We went back to Great Falls again, the park I visited Friday to see vintage aircraft but left that day without walking even 10 minutes on one of its inviting trails.

Yesterday the road to the park was closed when we first drove by. Completely full. But after trying a crazy trail head parking lot we could barely get out of once we got into it, we drove back by the park and found it was admitting visitors again.

We strolled above the chute and the falls and Mather Gorge. Then we looped down to Sandy Point where we picked up the Matildaville Trail that took us back to the parking lot. It was a perfect Sunday amble with rocks to scramble, straightaways to savor and views to inhale.

And when it was over, we had a piece of the sinfully rich chocolate strawberry cake that Claire made.

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Saturday, May 9, 2015

VE Day Plus One

I heard them before I saw them, a great roar that meant business. I craned my head out the car window, but the tree cover made it impossible to see the planes overhead. I was sitting in line to enter Great Falls Park, an idea that I realized wasn't so very original as I saw the dozens of cars ahead of and (soon) behind me.

Less than a few thousand feet away was the Potomac River. The World War II aircraft assembled yesterday would fly down the river to the Capitol. It was my best chance to see the planes in flight.

Finally, I reached the gate, paid $5, found a parking spot and ran — full-out ran — to the overlook. As I did, I heard more engines. A group of four planes rumbled overhead. This was enough. Just to see and hear these four.

But oh, it gets better. Because the planes were actually circling above us before they flew downtown, so we saw most of the formations twice. And it quickly became apparent that I was standing with a bunch of die-hard WWII aircraft enthusiasts. "Look, it's a P-38," said one. "You can tell by the twin fuselage."

Maybe it was just me, but I think most of us were there not just for ourselves but for others. The man standing next to me said his father was a tail gunner in a B-29. And when I nodded and smiled at one woman about my age, I noticed her eyes were as full as mine.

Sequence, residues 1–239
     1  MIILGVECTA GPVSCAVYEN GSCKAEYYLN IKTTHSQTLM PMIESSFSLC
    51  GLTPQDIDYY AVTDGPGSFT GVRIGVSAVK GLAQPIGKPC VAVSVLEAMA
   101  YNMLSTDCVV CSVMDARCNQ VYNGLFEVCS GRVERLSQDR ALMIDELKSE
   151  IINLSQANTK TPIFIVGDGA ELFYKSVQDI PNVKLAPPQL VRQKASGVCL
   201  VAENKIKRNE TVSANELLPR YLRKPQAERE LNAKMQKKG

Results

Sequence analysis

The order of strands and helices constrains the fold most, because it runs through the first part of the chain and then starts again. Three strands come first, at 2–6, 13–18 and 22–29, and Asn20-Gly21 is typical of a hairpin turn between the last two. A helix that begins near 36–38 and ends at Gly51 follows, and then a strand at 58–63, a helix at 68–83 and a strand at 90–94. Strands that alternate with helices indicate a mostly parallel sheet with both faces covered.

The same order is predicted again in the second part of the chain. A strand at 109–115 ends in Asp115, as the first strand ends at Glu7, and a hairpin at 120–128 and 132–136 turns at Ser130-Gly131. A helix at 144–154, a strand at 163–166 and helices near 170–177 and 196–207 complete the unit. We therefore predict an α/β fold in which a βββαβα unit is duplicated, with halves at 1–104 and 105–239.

One thing I'm sure about — and I'm not sure about much — is that once our loved ones are gone, we become their eyes and ears. Yesterday, Dad was all around me — in the warm spring sunshine, in the contrailed sky. And he was there especially when the B-17s flew out of the clouds, over our heads and into the limitless blue beyond.

B-17 in flight

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Friday, May 8, 2015

Wild Blue Yonder

It's the 70th anniversary of VE (Victory in Europe) Day and what I'm thinking about most is that my dad is not here to see it. How he would have loved to see the planes roaring down Independence Avenue and soaring above the Capitol.

It's being called the "Arsenal of Democracy Flyover" and is the largest array of World War II aircraft ever assembled.

If we were watching it with Dad, we would have needed no cheat sheet; he could have identified all the aircraft himself with his still-sharp (at 90 years of age!) eyes.

"There's a Mustang, there's a Wildcat, there's a Lightning," he would have said. Of course, he would have been most excited to see his beloved B-17 bomber, the Flying Fortress. I grew up hearing stories of that plane and his special spot in its, the tail gunner position. He flew 35 missions over Europe — two on D Day — and in every one of them he was facing backwards.

The WWII veterans are over 90 now, but there will be a great gathering of them today, too. This flyover is in their honor — and the honor of all their fallen comrades. 

(The Missing Man formation.)

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Thursday, May 7, 2015

Silent Cheer

I write a blog post almost every day, and I write plenty on the job. Subtract time for things like eating and sleeping and commuting, for buying groceries and cleaning the kitchen, for pulling weeds and returning books to the library.

And then take away the time for exercise, for running and walking, for bouncing on the trampoline, for tapping on Wednesday nights, for taking torturous classes on my lunch hour. All of this necessary for the health of the mind as well as the body.

And then there are the hours spent with friends and family, precious time in person or on the phone or the computer, keeping up with the people I love. And time to entertain, to meet friends for lunch or dinner. The wine of life!

All of which is to say how hard I struggle to find the time to do what I really must be doing — which is writing the other stuff, essays, perhaps even another book someday.

Every week I vow to make more time. Most weeks I come up short. But this week I've made it happen. I'm exhausted — and behind in other ways. But I carved out the hours.